The New Mexico Medical Malpractice Act provides enormous protections to qualified medical providers. It also creates a number of burdens and hurdles for patients who are injured or killed as a result of medical negligence.
The New Mexico Supreme Court recently addressed the question of whether professional corporations and/or limited liability companies can qualify for protection under the Act.
The case is perhaps more interesting for its discussion of the purposes of the Medical Malpractice Act in New Mexico than for its discussion of the technical definitions of “healthcare provider” on which its decision was based.
In a nutshell, the Court upheld the Court of Appeals decision on its ultimate ruling but disagreed on the route to get there. Basically, the Court of Appeals had ruled that though these legal entities did not come within the definition of healthcare providers, the legislative intent was clearly to afford them protection.
The Supreme Court came to the same conclusion that they are protected under the Act. However, unlike the Court of Appeals, the New Mexico Supreme Court found that they did meet the definition of healthcare provider. As a result, these corporate entities are entitled to all the protections under the Medical Malpractice Act.
This is important because the protections are pretty extensive as the Court discussed. The Court first suggested a quid pro quo of sorts providing protection for medical providers in return for assurance of their financial responsibility. Basically, this means little more than purchasing insurance and contributing to the patient compensation fund.
In return for the participation in the program and the qualified healthcare provider status that comes with it, the medical provider gains a host of protections aimed toward limiting its liability for negligence that harms or kills patients. On the flip side, it results in injured patients or their survivors being undercompensated in many cases, and grossly undercompensated in others.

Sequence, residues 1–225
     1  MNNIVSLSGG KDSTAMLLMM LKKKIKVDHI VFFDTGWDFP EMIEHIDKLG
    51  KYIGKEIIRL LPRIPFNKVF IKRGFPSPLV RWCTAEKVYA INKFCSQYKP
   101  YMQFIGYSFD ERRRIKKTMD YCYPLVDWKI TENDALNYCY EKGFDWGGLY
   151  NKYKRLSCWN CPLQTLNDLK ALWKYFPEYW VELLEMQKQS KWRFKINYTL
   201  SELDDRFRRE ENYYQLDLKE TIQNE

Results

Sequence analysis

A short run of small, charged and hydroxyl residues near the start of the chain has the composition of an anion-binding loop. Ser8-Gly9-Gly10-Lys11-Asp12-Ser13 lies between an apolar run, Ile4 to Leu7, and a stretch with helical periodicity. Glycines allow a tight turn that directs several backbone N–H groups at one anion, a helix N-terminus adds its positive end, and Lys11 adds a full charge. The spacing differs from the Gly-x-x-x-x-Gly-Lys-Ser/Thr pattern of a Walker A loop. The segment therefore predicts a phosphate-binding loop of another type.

The Court lists a host of protections afforded by the Act. The gist of the protections are severe limits on recovery and certain pointless procedural hurdles such as the requirement that the patient first present the case to the Medical Review Commission.
In getting to all this, the Court sets forth the historical purposes behind the Medical Malpractice Act, all of which are pure myth created and maintained by the medical insurance industry.
Though the Court may indeed have upheld the legislative intent, the intent and the fictions it was meant to address are pure mythology so the full language is laid out here. Anyone that follows the debate on medical malpractice caps could take issue with each and every premise set forth in the purported legislative intent.
The Court cited the proclaimed purposes of the Act as follows:
The Legislature‘s stated purpose for enacting the MMA was “to promote the health and welfare of the people of New Mexico by making available professional liability insurance for health care providers in New Mexico.” Section 41-5-2. “A major purpose of the Medical Malpractice Act was to meet a perceived insurance crisis” in New Mexico…This crisis was triggered by the announced withdrawal of the insurance company underwriting the medical society‘s professional liability program in which ninety percent of medical practitioners and health care institutions participated. A result of this concern was the Medical Malpractice Act. . . . Availability of health care depends on providing incentives to persons to furnish health care services. If the practitioner must bear the cost of the patient‘s injury, there is a powerful disincentive to furnishing services at all. This disincentive may be met by making professional liability insurance available.
Rather than rehash all of my previous arguments, here are some related readings from our blog and other sources. It is indeed a matter of legislative intent. And patient safety groups fight each year to address the issue and dispel the myths of a medical malpractice crisis. It is up to voters to contact their legislators. It will not change until the legislature is forced to take notice and give voice to injured patients and their families.
Institute of Medicine: To Err is Human Building a Safer Health System
LA Times: Raise the cap on malpractice awards
American Association of Justice: Debunking the Myths
American Association of Justice: Preventable Medical Errors – The Sixth Biggest Killer in America